Cemex gives marine debris new lease of life at Tarragona plant

The company has teamed up with Griñó, which processes the debris, transforming it into replacement fuel for its kilns

Leading cement supplier Cemex has teamed up with environmental services firm Griñó to work on a circular economy project that will contribute to cleaning up the seabed. Thanks to this agreement, the waste extracted from the sea by the fishermen of Alcanar (Tarragona) and other Catalan ports is converted into fuel to power the kilns of the Mexican company's Tarragona plant.

Every week, waste management and green energy firm Griñó collects and processes the waste that the fishing boats pick up from the sea and deposit at collection points set up for this purpose. This work facilitates the recovery of waste to give it a second useful life. After separation, waste that cannot be recycled is converted into substitute fuel, which reduces the use of fossil fuels.  

Low-carbon cement
The project is part of Cemex's decarbonisation strategy, which aims to achieve net zero carbon dioxide emissions by 2050. The fuel obtained from marine debris is used to manufacture the Vertua range of low-carbon cement. As the company's process and alternative fuels manager Cecilia Berganza pointed out, “Making green cement with fuel derived from marine debris is beneficial for building the future, for society, for the planet, and for the oceans”.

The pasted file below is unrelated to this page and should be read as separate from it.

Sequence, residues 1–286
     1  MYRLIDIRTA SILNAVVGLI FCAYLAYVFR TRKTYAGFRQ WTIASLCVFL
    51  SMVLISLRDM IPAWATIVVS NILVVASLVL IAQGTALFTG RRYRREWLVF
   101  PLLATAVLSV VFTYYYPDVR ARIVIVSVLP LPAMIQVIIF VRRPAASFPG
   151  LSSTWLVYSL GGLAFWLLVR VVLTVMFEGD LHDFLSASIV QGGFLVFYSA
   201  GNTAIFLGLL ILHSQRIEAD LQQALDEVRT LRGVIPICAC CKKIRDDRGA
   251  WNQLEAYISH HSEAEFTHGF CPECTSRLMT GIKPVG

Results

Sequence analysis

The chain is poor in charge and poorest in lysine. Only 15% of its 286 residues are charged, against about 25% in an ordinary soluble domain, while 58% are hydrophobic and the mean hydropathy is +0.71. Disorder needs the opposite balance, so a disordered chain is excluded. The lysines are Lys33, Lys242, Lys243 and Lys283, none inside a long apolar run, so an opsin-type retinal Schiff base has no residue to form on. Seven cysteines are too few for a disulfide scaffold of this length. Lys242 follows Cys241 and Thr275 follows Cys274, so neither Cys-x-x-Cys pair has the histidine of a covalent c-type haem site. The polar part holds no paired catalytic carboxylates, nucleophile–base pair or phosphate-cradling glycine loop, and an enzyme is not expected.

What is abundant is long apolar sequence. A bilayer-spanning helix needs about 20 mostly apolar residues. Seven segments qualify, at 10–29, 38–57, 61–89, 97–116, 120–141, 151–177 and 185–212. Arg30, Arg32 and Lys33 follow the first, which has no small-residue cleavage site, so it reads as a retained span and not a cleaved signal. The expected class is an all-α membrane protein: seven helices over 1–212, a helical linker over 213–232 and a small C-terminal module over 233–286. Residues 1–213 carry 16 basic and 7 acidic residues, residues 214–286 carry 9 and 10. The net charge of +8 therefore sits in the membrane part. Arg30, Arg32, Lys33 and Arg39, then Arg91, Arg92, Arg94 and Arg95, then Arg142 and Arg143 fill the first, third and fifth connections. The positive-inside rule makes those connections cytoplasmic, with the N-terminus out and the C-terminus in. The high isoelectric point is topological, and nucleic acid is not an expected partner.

Griñó's director of institutional relations and sustainability, Albert Mateu, said that “we all benefit from this partnership”, and explained the process, “We collect this debris from a dedicated container located at the ports on a weekly basis and take it to our plant in Constantí, (Tarragona) where it is separated, prioritising recycling and reuse. Where reuse is not possible, it is processed, converted into replacement fuel and used as part of the energy consumed by Cemex at its Alcanar plant”.

Environmental problem
The partnership between Cemex and Griñó aims to combat the environmental problem of this debris ending up in the Mediterranean. Marine ecosystems are endangered by the millions of tonnes of waste that accumulate in them every year, mainly plastic, paper, textiles, wood, tyres and other debris washed in by rain, dumping and other irresponsible practices.

Griño's work is not only focused on transforming waste into a valuable resource, but also on the transition towards a carbon-neutral society, thereby generating long-term value. Based on the principles of the circular economy, the company is committed to innovation aimed at incorporating technological developments into its processes.

Photo: Cemex